The film focuses on the March sisters - beautiful Meg (Trini Alvarado), tempestuous Jo (Winona Ryder), tender Beth (Claire Danes), and romantic Amy (Kirsten Dunst) - growing up in Concord, Massachusetts during and after the American Civil War. With their father away fighting in the war, the girls struggle with major and minor problems under the guidance of their strong-willed mother, affectionately called Marmee (Susan Sarandon). As a means of escaping some of their problems, the sisters revel in performing in romantic plays written by Jo in their attic theater.

Living next door to the family is wealthy Mr. Laurence (John Neville), whose grandson Theodore, nicknamed "Laurie" (Christian Bale), moves in with him and becomes a close friend of the March family. Mr. Laurence becomes a mentor for Beth, whose exquisite piano-playing reminds him of his deceased daughter, and Meg falls in love with Laurie's tutor John Brooke (Eric Stoltz).

Mr. March is wounded in the war and Marmee is called away to nurse him. While Marmee is away, Beth contracts scarlet fever from a neighbor's infant. Awaiting Marmee's return, Meg and Jo send Amy away to live with their Aunt March. Prior to Beth's illness, Jo had been Aunt March's companion for several years, and while she was unhappy with her position she tolerated it in the hope her aunt one day would take her to Europe. Amy thrives as Aunt March's new companion.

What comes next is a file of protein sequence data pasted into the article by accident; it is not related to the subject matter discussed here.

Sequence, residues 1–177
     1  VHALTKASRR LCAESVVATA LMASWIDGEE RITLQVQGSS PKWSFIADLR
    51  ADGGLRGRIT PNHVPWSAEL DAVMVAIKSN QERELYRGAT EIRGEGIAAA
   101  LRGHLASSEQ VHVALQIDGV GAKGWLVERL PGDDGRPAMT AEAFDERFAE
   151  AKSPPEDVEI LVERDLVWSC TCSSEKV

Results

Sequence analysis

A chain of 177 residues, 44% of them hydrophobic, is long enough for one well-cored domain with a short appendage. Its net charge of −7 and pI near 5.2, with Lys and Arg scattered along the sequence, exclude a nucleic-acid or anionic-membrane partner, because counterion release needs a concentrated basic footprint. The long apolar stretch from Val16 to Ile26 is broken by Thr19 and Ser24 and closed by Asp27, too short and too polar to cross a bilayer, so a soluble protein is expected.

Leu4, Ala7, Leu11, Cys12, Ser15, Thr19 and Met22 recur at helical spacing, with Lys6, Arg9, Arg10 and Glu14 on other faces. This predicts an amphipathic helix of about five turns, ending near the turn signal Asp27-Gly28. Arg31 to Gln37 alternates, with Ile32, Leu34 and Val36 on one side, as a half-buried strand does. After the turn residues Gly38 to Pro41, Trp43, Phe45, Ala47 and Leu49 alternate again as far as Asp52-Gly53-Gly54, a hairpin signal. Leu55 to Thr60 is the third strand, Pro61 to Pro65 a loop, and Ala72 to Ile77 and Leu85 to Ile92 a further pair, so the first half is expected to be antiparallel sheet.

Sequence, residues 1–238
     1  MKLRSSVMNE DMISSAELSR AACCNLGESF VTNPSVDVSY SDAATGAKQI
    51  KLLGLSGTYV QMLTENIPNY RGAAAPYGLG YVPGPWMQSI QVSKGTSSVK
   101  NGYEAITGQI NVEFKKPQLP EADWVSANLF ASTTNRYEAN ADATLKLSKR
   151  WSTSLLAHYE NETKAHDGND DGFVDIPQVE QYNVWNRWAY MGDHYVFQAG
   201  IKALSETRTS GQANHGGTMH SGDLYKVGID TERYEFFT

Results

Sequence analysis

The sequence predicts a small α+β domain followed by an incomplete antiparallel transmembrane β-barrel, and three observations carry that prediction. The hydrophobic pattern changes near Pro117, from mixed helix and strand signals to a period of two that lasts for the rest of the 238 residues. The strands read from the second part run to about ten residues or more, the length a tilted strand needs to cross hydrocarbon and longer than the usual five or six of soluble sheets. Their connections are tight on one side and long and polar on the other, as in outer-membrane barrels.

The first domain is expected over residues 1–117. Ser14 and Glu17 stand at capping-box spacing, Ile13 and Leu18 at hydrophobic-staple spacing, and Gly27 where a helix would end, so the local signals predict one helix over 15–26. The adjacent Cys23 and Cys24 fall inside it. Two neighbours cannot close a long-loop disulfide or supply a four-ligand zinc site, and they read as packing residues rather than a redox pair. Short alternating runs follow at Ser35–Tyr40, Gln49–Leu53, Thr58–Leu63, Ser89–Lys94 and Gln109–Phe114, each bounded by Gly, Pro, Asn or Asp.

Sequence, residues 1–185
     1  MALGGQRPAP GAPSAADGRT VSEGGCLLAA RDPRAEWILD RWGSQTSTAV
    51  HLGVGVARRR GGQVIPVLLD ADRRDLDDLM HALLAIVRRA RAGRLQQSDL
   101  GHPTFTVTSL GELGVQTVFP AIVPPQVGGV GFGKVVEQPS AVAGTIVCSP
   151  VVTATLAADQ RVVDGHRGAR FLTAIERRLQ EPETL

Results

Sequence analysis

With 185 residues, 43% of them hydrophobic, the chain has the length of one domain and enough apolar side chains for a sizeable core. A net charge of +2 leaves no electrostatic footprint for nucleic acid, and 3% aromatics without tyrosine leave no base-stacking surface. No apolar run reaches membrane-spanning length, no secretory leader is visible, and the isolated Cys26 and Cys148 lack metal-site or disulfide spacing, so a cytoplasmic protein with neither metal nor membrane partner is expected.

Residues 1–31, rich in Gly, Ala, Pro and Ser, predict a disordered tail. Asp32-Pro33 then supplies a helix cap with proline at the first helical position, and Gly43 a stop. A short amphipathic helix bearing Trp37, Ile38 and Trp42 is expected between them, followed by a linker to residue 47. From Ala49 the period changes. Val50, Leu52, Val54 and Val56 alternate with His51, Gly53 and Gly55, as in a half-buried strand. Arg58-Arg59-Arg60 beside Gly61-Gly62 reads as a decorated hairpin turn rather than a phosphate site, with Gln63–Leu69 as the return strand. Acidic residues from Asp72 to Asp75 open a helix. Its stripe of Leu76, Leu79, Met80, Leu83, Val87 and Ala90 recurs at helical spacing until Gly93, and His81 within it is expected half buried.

Mr. March returns home just prior to Christmas. Four years pass; Meg and John Brooke marry, and Beth's health is deteriorating steadily. Laurie graduates from college and proposes to Jo and asks her to go to London with him, but realizing she thinks of him more as a big brother than a romantic prospect, she refuses his offer. Jo later deals with the added disappointment that Aunt March has decided to take Amy, who is now sixteen (Samantha Mathis), with her to Europe instead of her. Crushed, Jo departs for New York City to pursue her dream of writing and experiencing life. There she meets Friedrich Bhaer (Gabriel Byrne), a German professor who challenges and stimulates her intellectually, introduces her to opera and philosophy, and encourages her to write better stories than the lurid Victorian melodramas she has penned so far.